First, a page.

Congress is pushing a smart bill that would greatly expand college aid to military veterans coming home from Iraq and Afghanistan. But President Bush has said he would veto the bill.
Turns out the Democratic congressional leadership attached the new GI Bill to President Bush's $108 billion emergency supplemental spending measure for the wars. Other attachments include a 2009 deadline for troop withdrawal from Iraq; a 13-week extension of unemployment benefits, and money for a military hospital in Guam.
Bush supports the GI education benefits, but he doesn't back the timeline for troop withdrawals. He also believes the domestic spending initiatives have no place in a war supplemental bill.
All fair and valid points that shouldn't surprise Democrats who loaded this bill with more spending. Granted, there is a certain logic to attaching a GI Bill to war funding, but there's no reason to delay its passage by making it part of partisan political games.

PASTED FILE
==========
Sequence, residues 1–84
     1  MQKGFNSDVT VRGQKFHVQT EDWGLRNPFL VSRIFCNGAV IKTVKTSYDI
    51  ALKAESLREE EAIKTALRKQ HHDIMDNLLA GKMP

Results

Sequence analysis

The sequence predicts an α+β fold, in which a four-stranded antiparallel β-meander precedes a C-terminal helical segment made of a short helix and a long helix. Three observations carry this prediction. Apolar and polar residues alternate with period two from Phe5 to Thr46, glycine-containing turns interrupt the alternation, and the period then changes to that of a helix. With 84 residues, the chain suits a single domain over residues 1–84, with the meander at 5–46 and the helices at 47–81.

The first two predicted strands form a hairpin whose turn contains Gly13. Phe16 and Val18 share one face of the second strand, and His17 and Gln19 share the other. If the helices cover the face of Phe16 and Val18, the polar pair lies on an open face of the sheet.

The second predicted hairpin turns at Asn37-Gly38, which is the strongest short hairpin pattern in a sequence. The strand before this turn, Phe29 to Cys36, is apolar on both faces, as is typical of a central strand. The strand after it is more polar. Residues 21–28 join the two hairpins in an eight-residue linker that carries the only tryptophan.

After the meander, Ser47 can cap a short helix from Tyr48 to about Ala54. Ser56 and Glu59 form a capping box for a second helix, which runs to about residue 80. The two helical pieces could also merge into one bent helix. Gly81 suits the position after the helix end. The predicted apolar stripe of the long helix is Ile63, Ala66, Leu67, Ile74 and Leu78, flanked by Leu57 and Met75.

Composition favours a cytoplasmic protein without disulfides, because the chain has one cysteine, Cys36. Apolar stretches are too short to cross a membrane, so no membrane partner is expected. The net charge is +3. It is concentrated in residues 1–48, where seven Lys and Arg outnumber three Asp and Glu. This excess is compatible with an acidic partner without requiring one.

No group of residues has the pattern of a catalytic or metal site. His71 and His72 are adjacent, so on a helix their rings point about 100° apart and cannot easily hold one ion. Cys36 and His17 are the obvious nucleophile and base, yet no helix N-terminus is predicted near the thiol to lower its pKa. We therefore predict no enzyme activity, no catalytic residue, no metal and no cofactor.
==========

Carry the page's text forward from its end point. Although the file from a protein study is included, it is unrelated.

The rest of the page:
The version sponsored by Sen. Jim Webb (D., Va.) offers four academic years of benefits, up to the most expensive in-state public school tuition. A monthly housing stipend and a book stipend are included.
In addition, the bill helps private colleges and universities offset tuition costs for vets, and ensures more equitable benefits for National Guard and Reserve members.
The price tag seems hefty: an estimated $5.2 billion a year for 10 years. But $5 billion is half of what taxpayers spend in Iraq each month.
A competing proposal by John McCain (R., Ariz.) would increase benefits even more for longer periods of service and allow vets to pass their unused education benefits to spouses or children.
The country can never fully repay veterans for their sacrifices since Sept. 11. But improved educational benefits are a good start.
Congress should pass an updated GI Bill based on whom it is for, rather than whom they can use it against.